When It's Time to Drink: Hydrapak & SIGG
As long as humans have walked the earth, they've tried to improve on ways to carry water with them. Innovations haven't occurred overnight, mainly because there are only so many ways you can carry water.
The biggest innovation for the outdoors crowd probably arrived in 1988 when Camelbak introduced the world to hydration bladders. While Camelbak is the reigning world leader in this category, there are some other interesting products out there worth checking out.
Hydrapak offers an intriguing twist on hydration bladders, while SIGG, the venerable Swiss company that has been turning aluminum into water vessels since the early days of the 20th century, has sparkled up its line.
Hydrapak has pretty much surfed under the radar --at least my radar-- since 1996, when it entered the hydration bladder fray. Since then it has chipped away not only at the recreational market, but also the military sector.
What's unique about this company? The biggest innovation is the fold-top of its bladder. Camelbak has over the years continued to work on creating a larger, easier-to-manipulate opening, both for putting water in, dumping it out, and cleaning and drying purposes.
Hydrapak has tackled this problem by doing away with a round opening and installing the fold-top, which works much like the top of a dry bag. You simply fold the end of the bladder over on itself several times and that's it. Key to securing the folds are Velcro strips that practically cement the folds together.
Supposedly this sealing system is so secure that you can drive your rig over a full bladder without it popping a leak, either through the fold-top or through one of the sidewalls. The bladder itself is made out of polyurethane and is billed as being able to stretch to 8 times its original size without failing. That's a test I haven't subjected my bladder to yet.
Another intriguing aspect of Hydrapak's bladders is that they're reversible. You simply remove the drinking tube, stick your hand into the bladder, grip the bottom and pull it inside out. This not only makes for easy cleaning, but quicker drying than any Camelbak that I've come across.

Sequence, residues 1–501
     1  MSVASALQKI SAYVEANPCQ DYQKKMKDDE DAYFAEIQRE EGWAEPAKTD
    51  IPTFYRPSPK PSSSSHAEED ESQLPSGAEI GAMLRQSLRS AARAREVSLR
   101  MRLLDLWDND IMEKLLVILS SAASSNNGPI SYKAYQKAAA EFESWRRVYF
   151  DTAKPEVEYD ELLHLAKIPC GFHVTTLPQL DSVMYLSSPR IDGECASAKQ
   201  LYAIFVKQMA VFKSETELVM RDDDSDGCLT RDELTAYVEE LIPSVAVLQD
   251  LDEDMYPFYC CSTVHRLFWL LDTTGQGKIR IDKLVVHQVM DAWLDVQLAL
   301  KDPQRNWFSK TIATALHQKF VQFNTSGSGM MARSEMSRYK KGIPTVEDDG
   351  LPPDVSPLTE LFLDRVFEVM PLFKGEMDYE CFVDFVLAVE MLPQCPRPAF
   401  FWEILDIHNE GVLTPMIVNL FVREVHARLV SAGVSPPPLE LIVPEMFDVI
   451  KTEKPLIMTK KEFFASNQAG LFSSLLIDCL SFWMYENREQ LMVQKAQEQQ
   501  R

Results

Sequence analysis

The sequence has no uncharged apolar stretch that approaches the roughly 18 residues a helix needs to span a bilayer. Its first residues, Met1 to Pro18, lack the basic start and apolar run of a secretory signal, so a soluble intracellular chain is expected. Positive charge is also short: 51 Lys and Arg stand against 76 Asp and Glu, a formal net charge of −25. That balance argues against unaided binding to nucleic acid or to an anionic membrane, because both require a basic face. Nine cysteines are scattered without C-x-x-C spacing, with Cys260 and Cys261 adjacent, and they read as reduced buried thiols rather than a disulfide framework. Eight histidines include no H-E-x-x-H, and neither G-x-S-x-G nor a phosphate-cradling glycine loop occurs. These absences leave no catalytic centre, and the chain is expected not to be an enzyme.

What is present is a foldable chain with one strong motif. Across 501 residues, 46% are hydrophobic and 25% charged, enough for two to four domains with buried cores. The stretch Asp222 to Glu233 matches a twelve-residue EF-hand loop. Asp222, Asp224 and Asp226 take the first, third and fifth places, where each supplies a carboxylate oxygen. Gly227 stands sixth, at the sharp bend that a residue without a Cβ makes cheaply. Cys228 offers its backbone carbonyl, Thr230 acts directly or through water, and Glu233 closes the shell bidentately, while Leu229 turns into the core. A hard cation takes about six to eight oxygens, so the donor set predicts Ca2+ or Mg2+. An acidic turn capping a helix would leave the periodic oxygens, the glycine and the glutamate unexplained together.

How durable is this unit? That's a good question. I've only had mine a couple months, so I can't say.
The company makes a fairly extensive line of packs to marry its bladder to. They range from relatively small, 32-ounce capacity hip-mounted systems all the way up to packs that hold 100-ounce capacity bladders and offer up to 875 cubic inches of storage space. I've got the Big Sur ($69.99 MSRP) model, which carries 100 ounces of liquid and offers 450 cc's of storage space, including a "gizmo" pocket for your MP3 player. There's even a tiny portal to pass your headphone cord through. It's a nice touch.
One potential drawback for those who like to compare before they buy is that Hydrapak is not easily found. At least I haven't seen it in any Salt Lake City or Park City gear shops, which include REI. While their web site says you should contact one of their distributors to find an outlet, I couldn't find a list of their distributors. All that said, you can buy off their web site.
As for SIGG, this company is working to reintroduce itself to the American market. Decades ago SIGG bottles were standard equipment for backpackers. Then plastics entered the market, most notably via Nalgene, and SIGG seemed to slip away. But now the company is back and determined to enhance its market penetration. As a result, you'll encounter 105 bottle designs that come with bright colors, creative designs and different shapes from their latest line.
They even have what they've dubbed "ActiveBottle" caps that feature a bubble-cap top that keeps dirt away from the mouthpiece. To drink, you simply flip the cap open and push the spring-loaded mouthpiece down with your lips to generate a stream of liquid. That's not a bad solution if you're zooming down the road on your bicycle.
These aluminum and stainless steel bottles don't impart any taste on your beverage of choice -- I really hate it when my whiskey has undercurrents of plastic-- are lightweight, and fully recyclable. So stylish are they that the Museum of Modern Art in New York has a SIGG bottle or two in its permanent collection.
Now, one measure I haven't been able to conduct is how they match up to Nalgene or similar plastic bottles weight-wise. From handling them, though, they don't feel heavier. If anyone has some numbers, let me know.
The oval bottle pictured here is a retro model, based upon a 1941 flask-like creation the company made for the Swiss Army.